Valley Voices From The Past:

Pioneers of community: The Sadler-Browns of McLure, B.C.

Many North Thompson Valley pioneers are no longer with us, but it is good to tell their stories every once in awhile so that younger – and more recently arrived – valley residents can connect with the names of those who helped to make this area what it is today. In the community of McLure, the name Sadlier-Brown still appears on a road sign; the road is named for Leonard Sadlier-Brown.

Len was born in London, England on April 5, 1903. His family emigrated to Canada in 1907 where his father, Leonard Senior, retained the deed to property in McLure. Young Len graduated from a Kamloops high school in 1918, then Len worked for the Canadian National Railway (CNR) for awhile and later in mines near Chu Chua and Blackpool.

However, Len did not envision a lifetime of mining, and in 1923 went to Calgary, Alberta, where he joined the Lord Strathcona Horse Regiment. From there he received an appointment to the B.C. Provincial Police, and was eventually posted to 100 Mile House in May of 1929. While 100 Mile House was his first posting with the police force, it was going to prove to be most important. That summer, as he patrolled the Cariboo roads on his Harley 74 motorcycle, the young constable met Miss Margaret Cunningham of 74 Mile House.

Margaret, the daughter of Cariboo country pioneers Mr. and Mrs. John Cunningham, was born on May 31, 1905, and raised on the family’s cattle ranch at 74 Mile House. She was quite impressed with the area’s first highway patrolman, with their wedding taking place on Sept. 24, 1929, in Vancouver, B.C.

Over the years, Len and Margaret received several transfers, including a posting at the first Police House in Blue River during the early 1930’s where their first daughter Rita was born.

Looking for a more permanent lifestyle for his family, Len decided to resign from the police force and start farming the family property in McLure. On Mar. 17, 1936, the Sadlier-Browns arrived, lock, stock and barrel, on the platform of the CNR station in McLure. They were met by Henry Alex who helped load all their worldly possessions on his horse-drawn sleigh, and drove them along the snow-packed highway to Pete Lawson’s cabin. Len and Pete then built a log house into which Len’s family moved in June of that year.

One of Margaret’s most vivid memories of those early days in their new home was of dense cloud of mosquitoes which descended on the house, and the smudge pots which burned unceasingly in an attempt to keep them at bay. She also remembered city raised Len’s reluctance to milk the cows, a task she turned over to him during her pregnancy with their second daughter Pat. Undaunted by the hard work in turning the long-deserted land into a working farm, they were well settled by the time the Second World War began.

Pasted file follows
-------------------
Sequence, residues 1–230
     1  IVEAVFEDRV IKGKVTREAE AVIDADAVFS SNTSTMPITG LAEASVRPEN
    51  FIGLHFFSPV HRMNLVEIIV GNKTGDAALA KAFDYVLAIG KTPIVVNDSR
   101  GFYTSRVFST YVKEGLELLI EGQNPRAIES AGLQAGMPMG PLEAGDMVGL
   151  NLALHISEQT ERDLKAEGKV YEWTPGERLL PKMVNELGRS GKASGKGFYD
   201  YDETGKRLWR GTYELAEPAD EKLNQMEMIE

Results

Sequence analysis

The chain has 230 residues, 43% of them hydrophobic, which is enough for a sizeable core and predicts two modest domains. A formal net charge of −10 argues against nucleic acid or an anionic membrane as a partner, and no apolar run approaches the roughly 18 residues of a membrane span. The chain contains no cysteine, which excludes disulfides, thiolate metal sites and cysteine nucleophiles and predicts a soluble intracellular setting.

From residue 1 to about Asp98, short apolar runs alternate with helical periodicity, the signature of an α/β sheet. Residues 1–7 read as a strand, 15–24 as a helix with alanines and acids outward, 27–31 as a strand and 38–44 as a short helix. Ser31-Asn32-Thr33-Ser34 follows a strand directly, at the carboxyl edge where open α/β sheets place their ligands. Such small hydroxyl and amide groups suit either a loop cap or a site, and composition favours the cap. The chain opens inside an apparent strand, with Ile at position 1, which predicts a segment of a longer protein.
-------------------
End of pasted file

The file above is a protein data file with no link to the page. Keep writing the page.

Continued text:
Len joined the Royal Canadian Engineers as a Sergeant in the 4th Field Park Squadron, and for the next five years served his country in the United Kingdom, Italy, Belgium and Holland. During this time, Margaret raised their family, and kept the farm running with some assistance from a hired hand and Len’s father during haying time. Late in 1945 Len returned to McLure to be re-united with his long missed family.

Over the next few years the Sadlier-Browns turned to dairy farming. They were the first farm in the North Thompson Valley to ship milk to the Kamloops Dairy. Len also began driving a school bus in 1948, and continued to do so until 1962 when he went to work for Kamloops and District Credit Union.

During his time with the Credit Union, Len set up a branch office in Barriere in 1964. That first small office which he established in the Esso building was the fore-runner of Thompson Valley Saving Credit Union, and the Interior Savings Credit Union of today.

Len entered the insurance field in 1971 and opened a small office in Barriere situated in front of the Royal Canadian Legion of which he was a founding member. Retiring in 1973, he turned the insurance business over to son-in-law, Ernie Perry. After Ernie’s death in 1974, the business was then sold to Barton Black and Robertson in Kamloops.

In 1979 Len, who had fought many different battles in his life, embarked on yet another struggle, this time with cancer. His foe left him without a voice due to throat surgery, but it did not defeat him.

Both he and Margaret continued to live quietly on the land they had settled so long ago. They were both publicly recognized over the years for the many contributions made to their community, their province and their country. Len was a Shriner for many years and Margaret was a life member of the Vinsulla Women’s Institute. They were both life members of the Royal Canadian Legion, and in 1985, Attorney General Brian Smith signed a plaque that was presented to Len in honour of his service in the B.C. Provincial Police.

A resident of McLure for 56 years, Len passed away in 1986 at the age of 83. Margaret, his wife of 57 years, passed in 1994.

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